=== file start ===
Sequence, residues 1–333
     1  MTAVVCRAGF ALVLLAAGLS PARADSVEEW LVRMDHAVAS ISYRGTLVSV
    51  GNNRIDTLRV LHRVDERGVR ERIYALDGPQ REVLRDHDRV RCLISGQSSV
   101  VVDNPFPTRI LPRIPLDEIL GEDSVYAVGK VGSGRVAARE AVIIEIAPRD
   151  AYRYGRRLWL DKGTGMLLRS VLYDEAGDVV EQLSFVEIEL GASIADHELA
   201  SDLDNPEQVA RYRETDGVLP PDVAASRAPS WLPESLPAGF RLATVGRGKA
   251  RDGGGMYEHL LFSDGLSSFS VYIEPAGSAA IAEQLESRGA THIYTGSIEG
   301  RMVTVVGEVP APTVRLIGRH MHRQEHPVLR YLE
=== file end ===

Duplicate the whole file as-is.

Sequence, residues 1–333
     1  MTAVVCRAGF ALVLLAAGLS PARADSVEEW LVRMDHAVAS ISYRGTLVSV
    51  GNNRIDTLRV LHRVDERGVR ERIYALDGPQ REVLRDHDRV RCLISGQSSV
   101  VVDNPFPTRI LPRIPLDEIL GEDSVYAVGK VGSGRVAARE AVIIEIAPRD
   151  AYRYGRRLWL DKGTGMLLRS VLYDEAGDVV EQLSFVEIEL GASIADHELA
   201  SDLDNPEQVA RYRETDGVLP PDVAASRAPS WLPESLPAGF RLATVGRGKA
   251  RDGGGMYEHL LFSDGLSSFS VYIEPAGSAA IAEQLESRGA THIYTGSIEG
   301  RMVTVVGEVP APTVRLIGRH MHRQEHPVLR YLE